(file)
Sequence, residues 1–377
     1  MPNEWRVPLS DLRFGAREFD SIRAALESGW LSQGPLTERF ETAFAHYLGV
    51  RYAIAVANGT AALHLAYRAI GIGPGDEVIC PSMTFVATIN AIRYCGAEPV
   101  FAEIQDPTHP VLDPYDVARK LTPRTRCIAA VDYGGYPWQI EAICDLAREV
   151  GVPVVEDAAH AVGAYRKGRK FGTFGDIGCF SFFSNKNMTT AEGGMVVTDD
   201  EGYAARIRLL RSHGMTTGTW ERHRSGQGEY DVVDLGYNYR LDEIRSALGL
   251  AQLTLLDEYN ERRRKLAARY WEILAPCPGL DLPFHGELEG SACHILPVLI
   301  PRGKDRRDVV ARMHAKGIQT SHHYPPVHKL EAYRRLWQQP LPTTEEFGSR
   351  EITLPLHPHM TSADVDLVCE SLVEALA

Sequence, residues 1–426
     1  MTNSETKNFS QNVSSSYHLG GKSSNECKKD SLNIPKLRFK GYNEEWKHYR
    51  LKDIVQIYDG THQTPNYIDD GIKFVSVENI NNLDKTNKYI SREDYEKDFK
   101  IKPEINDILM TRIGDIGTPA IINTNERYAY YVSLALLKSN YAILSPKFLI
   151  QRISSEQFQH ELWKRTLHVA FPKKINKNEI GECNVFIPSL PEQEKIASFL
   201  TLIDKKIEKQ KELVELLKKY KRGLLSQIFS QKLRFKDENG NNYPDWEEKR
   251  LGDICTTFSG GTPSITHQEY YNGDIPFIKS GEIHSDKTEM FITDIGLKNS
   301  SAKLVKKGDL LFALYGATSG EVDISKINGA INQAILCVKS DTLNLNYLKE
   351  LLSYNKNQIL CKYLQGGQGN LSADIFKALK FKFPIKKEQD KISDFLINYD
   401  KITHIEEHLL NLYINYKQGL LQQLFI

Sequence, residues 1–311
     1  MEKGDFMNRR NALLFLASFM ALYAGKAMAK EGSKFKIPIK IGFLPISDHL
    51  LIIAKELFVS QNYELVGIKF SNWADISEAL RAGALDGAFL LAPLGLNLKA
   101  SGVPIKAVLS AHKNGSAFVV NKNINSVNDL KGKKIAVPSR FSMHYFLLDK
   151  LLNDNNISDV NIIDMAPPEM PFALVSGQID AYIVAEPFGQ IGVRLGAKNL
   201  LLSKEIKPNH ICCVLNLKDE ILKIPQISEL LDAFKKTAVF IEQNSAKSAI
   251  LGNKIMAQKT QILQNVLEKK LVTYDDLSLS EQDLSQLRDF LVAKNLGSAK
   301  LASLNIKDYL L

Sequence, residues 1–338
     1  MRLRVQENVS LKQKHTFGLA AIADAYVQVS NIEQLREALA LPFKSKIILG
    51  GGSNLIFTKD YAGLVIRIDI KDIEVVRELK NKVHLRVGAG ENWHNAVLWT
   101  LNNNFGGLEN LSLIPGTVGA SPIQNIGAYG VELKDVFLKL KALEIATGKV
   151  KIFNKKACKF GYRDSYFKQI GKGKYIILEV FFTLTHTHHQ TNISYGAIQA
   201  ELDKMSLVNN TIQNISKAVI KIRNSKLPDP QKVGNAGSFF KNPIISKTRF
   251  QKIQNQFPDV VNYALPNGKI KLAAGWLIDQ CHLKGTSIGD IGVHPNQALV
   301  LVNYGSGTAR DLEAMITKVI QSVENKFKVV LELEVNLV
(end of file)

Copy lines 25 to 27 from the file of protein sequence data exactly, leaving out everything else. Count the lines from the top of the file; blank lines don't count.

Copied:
   201  LLSKEIKPNH ICCVLNLKDE ILKIPQISEL LDAFKKTAVF IEQNSAKSAI
   251  LGNKIMAQKT QILQNVLEKK LVTYDDLSLS EQDLSQLRDF LVAKNLGSAK
   301  LASLNIKDYL L